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Monday, June 23, 2014

Japan's New W7 & E7 Shinkansen Bullet Train

The West Japan Railway Co. decided to show off its new W7 Series Shinkansen train on June 22, 2014 at its train yard in Hakusan in Ishikawa-ken.

That's it in the photo above - though not from the open media day event.

Let's look at the W7... also known as the E7 EMU (electric multiple unit) - a designation that depends on whether it is owned by the West Japan Railway Company, or the East Japan Railway Company.

Perhaps the best way to note it is by the 7 Series.

This train, is based on the current E2 series of shinkansen - one known as the Nagano Shinkansen series, designed and built specifically to handle the mountainous areas of Japan - and the W7 will indeed replace the E2 for the soon to be completed extension of the Japanese high speed rail network of the current Nagano Shinkansen.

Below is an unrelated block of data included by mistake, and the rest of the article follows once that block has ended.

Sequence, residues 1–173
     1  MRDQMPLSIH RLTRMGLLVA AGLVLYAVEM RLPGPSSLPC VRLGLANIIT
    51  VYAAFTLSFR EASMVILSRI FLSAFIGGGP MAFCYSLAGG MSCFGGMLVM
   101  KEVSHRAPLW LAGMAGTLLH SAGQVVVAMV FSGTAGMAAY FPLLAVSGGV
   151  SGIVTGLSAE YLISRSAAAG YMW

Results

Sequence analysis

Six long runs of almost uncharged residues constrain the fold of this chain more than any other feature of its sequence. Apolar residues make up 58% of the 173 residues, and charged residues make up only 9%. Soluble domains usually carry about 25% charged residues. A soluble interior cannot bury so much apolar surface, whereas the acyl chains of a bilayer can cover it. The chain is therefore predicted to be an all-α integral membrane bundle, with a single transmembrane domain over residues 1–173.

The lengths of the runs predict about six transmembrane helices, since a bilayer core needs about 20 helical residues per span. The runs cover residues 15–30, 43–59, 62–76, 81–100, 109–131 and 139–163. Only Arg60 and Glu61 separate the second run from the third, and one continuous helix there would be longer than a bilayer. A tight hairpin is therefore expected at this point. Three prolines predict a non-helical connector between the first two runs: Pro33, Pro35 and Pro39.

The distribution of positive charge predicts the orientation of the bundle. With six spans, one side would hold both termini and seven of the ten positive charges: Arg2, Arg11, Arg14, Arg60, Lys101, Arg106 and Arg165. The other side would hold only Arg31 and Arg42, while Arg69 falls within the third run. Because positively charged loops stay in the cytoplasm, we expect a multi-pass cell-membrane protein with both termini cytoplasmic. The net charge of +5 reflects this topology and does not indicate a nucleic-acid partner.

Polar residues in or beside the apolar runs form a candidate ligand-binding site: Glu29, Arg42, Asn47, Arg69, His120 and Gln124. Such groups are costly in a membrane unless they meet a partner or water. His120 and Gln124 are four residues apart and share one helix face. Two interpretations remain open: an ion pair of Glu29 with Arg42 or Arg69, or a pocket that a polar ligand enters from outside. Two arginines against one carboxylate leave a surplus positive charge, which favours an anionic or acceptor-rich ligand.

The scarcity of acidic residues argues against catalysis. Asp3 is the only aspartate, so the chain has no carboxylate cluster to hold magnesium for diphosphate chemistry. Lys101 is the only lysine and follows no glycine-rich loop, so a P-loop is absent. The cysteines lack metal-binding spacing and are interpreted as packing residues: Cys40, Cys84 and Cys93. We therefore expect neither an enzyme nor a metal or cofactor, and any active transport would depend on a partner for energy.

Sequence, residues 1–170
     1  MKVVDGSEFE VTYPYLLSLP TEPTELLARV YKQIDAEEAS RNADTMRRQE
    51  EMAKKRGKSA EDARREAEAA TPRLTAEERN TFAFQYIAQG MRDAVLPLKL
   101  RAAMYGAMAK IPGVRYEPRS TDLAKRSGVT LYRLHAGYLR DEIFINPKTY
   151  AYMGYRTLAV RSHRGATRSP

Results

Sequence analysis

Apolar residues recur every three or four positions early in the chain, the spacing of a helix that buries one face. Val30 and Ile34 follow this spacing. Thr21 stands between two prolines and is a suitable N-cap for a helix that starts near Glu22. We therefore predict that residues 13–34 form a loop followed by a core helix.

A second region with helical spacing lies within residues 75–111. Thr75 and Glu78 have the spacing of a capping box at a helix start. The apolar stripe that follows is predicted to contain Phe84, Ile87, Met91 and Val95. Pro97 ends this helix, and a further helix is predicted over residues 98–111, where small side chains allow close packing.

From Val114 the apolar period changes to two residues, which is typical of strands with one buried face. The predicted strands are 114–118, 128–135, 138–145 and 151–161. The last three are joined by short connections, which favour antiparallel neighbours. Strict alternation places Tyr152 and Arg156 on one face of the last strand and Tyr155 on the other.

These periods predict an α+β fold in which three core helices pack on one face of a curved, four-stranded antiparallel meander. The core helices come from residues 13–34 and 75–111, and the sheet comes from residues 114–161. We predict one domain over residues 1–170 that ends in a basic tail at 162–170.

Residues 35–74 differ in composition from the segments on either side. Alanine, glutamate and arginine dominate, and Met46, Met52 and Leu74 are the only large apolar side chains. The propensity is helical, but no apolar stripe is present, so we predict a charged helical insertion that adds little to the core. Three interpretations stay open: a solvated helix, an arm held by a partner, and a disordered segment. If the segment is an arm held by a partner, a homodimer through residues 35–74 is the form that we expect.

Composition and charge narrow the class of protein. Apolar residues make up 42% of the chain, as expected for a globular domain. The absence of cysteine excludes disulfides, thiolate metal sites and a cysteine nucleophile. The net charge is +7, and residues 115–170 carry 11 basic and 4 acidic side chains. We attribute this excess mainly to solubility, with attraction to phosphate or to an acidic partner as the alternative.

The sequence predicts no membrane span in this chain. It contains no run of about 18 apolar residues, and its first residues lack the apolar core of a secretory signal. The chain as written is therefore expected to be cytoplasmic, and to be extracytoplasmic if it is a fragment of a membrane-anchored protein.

The soon-to-be completed section of the shinkansen network is to be called to Hokuriku Shinkansen (北陸新幹線), and when it is eventually completed, there will be a complete ringining of the main Honshu island of Japan.

This soon to be completed section of track known as the Hokuriku Shinkansen high-speed rail line will open next spring specifically between Nagano and Ishikawa’s Kanazawa - it will extend the existing Nagano Shinkansen Line.

I know it's a bit confusing, BUT:

The Hokuriku Shinkansesn will consist of 4 sections:

1) 1st section called the the Nagano Shinkansen, was opened on October 1, 1997 linking Takasaki and Nagano.

2) 2nd section - isn't quite complete, as it WILL link from Nagano to Kanazawa - scheduled top open on March 2015.